Sandinistas took to the streets jubilantly in the early morning hours Monday to celebrate what appears to be a resounding victory in the legally questionable reelection campaign of President Daniel Ortega.
A preliminary vote count announced Monday morning at 2 a.m., with 16 percent of the ballots tallied, shows the Sandinista strongman leading with 63 percent, followed by octogenarian radio producer Fabio Gadea, with 29 percent. Former President Arnoldo Alemán is in third place, with 6 percent. A final vote count will be announced today at noon.
The preliminary results for National Assembly are similar, meaning that, if the numbers hold, Mr. Ortega will win a majority in the legislature and essentially take full control over all branches of Nicaragua’s government – despite ongoing doubts that his election to a third term is legal under Nicaragua's Constitution.
For a man whose political career seemed washed up a decade ago – he had lost three consecutive election bids (1990, 1996, 2001), was accused of sexually abusing his stepdaughter and was reportedly teetering on the edge of financial hardship – the Sandinista leader’s comeback is nothing short of stunning. Not only does he have more political power now than he did in the 1980s, when he led the Sandinista revolutionary government as “the first among equals,” but he’s also now thought to be of the wealthiest individuals in Central America, thanks to his private investment of some $2 billion in Venezuelan aid over the past five years.
Ortega’s handling of Hugo Chávez’s largess has allowed certain Sandinistas to become part of Nicaragua’s nouveau riche, invested heavily in multiple sectors of the economy, from energy production and oil distribution to timber, cattle, agriculture, tourism, and media.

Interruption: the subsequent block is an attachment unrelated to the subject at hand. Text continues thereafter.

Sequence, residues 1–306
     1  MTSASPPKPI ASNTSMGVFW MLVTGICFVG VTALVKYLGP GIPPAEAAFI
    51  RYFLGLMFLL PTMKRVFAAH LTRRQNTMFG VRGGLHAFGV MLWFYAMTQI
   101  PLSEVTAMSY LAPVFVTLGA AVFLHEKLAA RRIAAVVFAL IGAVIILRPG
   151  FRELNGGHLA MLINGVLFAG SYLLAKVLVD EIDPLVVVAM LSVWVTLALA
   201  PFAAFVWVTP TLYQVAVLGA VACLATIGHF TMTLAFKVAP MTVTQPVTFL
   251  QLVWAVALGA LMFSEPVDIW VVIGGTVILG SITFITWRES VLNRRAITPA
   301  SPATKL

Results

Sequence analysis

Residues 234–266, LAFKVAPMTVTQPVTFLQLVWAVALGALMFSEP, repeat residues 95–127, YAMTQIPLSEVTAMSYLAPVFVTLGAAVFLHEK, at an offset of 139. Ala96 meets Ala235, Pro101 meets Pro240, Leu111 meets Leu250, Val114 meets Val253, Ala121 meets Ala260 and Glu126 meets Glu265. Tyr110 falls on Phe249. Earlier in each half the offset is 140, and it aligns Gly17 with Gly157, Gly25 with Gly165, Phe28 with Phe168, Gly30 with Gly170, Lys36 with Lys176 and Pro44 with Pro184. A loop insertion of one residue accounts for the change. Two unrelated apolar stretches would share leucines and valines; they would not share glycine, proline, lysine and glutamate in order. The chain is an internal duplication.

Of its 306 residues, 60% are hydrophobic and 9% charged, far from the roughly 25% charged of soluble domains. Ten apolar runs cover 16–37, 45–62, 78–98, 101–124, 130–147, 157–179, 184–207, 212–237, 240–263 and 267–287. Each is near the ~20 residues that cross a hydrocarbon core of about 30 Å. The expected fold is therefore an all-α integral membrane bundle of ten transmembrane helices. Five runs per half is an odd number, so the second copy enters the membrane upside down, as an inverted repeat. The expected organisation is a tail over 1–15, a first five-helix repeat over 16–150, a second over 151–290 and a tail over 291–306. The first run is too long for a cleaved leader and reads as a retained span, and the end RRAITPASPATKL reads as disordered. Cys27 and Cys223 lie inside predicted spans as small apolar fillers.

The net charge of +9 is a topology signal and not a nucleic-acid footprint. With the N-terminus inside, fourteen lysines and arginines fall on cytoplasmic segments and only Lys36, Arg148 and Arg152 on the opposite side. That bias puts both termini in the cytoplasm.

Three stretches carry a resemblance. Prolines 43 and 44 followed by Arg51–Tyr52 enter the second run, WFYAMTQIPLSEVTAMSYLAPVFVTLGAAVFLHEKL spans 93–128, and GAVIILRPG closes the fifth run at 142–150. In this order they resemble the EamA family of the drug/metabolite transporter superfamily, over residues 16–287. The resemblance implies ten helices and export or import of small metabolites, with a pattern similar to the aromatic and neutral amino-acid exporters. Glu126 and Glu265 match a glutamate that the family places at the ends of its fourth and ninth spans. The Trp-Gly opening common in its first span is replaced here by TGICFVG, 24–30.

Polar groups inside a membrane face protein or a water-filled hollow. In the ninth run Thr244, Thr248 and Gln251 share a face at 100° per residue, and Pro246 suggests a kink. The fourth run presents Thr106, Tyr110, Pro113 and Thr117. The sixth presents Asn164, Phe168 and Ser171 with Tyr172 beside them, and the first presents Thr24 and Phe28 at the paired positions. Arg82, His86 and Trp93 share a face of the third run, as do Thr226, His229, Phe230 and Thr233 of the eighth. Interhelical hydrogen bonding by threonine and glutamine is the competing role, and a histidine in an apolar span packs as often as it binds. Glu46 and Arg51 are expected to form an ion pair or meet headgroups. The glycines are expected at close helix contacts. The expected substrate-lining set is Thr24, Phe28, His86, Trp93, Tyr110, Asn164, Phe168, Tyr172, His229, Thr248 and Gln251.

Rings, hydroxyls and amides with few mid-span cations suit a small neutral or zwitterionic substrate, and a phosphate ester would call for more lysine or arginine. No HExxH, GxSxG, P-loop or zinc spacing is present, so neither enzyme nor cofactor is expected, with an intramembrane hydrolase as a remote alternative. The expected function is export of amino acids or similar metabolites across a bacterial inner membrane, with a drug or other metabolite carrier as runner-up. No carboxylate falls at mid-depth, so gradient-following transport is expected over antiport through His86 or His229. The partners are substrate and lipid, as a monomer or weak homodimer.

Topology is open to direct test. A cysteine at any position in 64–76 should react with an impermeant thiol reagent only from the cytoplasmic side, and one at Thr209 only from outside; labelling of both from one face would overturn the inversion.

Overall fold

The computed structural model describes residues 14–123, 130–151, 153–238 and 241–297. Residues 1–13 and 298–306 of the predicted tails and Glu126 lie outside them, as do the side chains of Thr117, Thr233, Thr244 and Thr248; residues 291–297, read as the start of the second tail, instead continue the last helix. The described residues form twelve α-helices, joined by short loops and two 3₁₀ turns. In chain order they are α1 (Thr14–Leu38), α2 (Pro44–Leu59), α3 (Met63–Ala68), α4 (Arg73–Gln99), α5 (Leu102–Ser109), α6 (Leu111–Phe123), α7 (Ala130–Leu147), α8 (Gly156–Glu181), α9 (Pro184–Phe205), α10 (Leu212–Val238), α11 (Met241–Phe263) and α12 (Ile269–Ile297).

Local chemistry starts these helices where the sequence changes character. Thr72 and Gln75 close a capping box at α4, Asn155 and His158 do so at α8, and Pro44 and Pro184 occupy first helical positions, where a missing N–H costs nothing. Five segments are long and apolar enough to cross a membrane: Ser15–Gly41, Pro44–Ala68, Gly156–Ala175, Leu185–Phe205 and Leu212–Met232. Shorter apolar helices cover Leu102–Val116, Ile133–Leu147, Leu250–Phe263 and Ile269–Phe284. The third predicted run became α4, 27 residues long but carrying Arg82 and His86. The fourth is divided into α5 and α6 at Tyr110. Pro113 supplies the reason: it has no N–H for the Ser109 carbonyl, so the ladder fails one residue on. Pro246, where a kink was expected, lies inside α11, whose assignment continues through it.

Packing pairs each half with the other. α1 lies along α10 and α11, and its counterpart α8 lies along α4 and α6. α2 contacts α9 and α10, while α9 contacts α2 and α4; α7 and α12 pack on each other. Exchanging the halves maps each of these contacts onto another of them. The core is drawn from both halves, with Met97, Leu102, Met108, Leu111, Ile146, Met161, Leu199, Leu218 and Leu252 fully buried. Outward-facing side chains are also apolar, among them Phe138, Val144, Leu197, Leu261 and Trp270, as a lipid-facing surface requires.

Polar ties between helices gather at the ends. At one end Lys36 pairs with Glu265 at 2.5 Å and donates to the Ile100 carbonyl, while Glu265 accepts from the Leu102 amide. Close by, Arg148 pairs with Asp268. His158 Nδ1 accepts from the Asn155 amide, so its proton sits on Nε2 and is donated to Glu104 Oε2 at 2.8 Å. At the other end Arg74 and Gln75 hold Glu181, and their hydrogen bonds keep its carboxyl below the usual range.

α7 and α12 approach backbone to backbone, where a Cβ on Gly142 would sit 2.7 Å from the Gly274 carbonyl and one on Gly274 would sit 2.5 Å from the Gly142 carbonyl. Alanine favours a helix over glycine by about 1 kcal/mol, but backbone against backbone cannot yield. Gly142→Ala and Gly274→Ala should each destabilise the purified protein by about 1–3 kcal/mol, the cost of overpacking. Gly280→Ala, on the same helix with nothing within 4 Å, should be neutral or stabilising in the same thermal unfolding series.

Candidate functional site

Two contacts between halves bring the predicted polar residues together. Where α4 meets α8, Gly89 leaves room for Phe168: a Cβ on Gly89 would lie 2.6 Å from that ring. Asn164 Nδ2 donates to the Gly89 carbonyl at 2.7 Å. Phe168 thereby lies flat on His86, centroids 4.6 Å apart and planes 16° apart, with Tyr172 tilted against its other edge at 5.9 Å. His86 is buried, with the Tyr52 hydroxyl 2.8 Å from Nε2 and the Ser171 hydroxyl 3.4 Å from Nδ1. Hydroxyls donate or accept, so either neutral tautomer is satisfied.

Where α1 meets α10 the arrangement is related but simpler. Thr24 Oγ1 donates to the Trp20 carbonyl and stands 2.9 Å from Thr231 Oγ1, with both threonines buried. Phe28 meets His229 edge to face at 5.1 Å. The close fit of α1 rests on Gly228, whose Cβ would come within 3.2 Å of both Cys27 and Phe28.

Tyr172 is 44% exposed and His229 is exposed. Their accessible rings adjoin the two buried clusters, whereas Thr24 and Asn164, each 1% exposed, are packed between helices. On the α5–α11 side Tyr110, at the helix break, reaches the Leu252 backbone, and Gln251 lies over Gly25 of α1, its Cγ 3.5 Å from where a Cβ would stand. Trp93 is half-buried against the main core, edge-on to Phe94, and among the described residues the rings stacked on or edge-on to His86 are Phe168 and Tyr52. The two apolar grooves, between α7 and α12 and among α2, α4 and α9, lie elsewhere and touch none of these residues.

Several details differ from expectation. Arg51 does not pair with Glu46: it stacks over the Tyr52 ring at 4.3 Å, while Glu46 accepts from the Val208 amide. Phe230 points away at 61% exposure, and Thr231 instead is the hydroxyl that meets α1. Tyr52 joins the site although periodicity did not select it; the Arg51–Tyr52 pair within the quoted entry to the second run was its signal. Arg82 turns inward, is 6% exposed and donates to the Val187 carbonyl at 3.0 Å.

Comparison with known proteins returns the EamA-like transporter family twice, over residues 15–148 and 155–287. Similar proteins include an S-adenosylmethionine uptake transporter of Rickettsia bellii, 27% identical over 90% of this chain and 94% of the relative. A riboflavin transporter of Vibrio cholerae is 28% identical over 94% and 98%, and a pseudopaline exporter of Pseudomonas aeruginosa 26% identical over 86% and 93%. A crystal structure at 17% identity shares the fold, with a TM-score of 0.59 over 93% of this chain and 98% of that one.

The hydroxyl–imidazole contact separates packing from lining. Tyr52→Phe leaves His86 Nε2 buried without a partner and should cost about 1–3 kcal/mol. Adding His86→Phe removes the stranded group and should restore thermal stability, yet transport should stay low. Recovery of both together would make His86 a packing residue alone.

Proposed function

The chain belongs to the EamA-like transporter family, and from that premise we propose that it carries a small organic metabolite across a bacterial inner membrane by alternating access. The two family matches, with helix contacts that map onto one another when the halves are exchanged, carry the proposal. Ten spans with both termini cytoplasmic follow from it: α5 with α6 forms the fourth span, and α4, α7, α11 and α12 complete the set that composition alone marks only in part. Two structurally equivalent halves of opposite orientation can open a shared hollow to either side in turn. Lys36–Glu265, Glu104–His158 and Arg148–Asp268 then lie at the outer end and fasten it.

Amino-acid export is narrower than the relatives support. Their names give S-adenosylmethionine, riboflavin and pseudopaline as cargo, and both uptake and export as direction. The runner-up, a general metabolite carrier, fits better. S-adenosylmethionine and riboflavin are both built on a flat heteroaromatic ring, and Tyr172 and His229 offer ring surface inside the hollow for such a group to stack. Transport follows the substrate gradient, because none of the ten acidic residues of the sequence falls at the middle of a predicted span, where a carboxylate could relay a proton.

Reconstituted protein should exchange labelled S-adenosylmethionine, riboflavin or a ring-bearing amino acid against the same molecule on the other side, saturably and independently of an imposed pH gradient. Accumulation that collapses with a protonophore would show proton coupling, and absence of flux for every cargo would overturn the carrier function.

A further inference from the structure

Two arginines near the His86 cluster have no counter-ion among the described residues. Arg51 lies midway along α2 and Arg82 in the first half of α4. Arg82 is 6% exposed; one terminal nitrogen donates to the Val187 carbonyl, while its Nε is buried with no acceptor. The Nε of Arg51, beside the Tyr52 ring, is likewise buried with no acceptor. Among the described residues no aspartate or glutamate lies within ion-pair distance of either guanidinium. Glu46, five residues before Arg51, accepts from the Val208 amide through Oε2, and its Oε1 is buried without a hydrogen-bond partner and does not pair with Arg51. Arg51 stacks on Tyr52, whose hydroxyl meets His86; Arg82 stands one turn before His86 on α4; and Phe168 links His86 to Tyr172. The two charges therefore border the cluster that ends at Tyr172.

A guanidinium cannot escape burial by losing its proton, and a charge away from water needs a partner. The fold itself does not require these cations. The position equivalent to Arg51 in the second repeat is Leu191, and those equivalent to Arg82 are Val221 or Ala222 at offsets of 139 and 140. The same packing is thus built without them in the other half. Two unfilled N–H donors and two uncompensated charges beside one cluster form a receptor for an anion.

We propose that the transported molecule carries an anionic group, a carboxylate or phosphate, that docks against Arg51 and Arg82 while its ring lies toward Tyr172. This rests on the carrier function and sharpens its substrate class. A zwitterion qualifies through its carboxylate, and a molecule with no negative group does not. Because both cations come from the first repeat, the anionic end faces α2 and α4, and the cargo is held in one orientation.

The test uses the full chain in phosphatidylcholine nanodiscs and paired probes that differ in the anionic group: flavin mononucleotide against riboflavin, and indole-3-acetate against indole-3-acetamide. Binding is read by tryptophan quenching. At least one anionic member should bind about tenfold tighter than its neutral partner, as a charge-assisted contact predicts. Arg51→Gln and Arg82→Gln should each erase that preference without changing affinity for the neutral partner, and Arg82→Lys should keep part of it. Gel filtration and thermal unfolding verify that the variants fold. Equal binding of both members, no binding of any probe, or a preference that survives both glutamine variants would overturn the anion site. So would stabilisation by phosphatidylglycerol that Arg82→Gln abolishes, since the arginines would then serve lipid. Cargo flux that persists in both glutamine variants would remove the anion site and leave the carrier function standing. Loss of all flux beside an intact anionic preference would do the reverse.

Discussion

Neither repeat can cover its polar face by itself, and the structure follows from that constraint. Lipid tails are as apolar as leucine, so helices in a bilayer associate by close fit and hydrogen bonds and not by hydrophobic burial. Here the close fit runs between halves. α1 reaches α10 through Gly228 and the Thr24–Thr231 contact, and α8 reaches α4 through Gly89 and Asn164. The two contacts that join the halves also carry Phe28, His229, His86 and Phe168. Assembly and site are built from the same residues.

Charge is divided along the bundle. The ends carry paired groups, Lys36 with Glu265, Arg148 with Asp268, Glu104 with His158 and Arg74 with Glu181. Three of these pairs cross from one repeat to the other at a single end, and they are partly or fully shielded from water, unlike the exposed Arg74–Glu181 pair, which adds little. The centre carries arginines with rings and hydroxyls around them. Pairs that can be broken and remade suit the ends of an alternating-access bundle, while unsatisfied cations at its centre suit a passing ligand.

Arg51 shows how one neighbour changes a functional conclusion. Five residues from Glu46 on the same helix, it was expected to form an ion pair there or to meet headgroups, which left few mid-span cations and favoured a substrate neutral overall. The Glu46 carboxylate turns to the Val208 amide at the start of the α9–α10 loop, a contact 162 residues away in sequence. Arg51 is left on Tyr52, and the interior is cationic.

While Ortega’s political and economic positions appear stronger than ever, critics claim they are built on rickety foundations. In Ortega’s continued quest for power, they say, he’s seriously undermining the country’s democratic institutions.
Even Ortega’s candidacy was cause for international concern. Many argued that his reelection bid was strictly prohibited by Article 147 of Nicaragua’s Constitution, which states that a sitting president cannot be reelected to a consecutive term or to more than two terms. A new term for Ortega would be his third, and his second in a row. But a ruling by Sandinista judges allowed the former revolutionary to sidestep the constitutional bar.
Luis Yañez, chief of mission for the EU’s election observation team, said European leaders have their doubts about the democratic process in Nicaragua, but decided to observe the elections once the other candidates agreed to run and made it a “competitive situation.”
“We know in great detail the polemic regarding the pretentions of President Daniel Ortega to become a candidate when the Constitution apparently doesn’t allow that. And we have watched with worry as Nicaragua’s internal process ended up approving his candidacy without any possibility for legal recourse. That alone probably would have impeded us from coming here as a mission of electoral observers, but the moment in which the other four parties and coalitions entered the electoral process to compete with Ortega, it became a competitive situation,” Mr. Yañez said.
A dubious election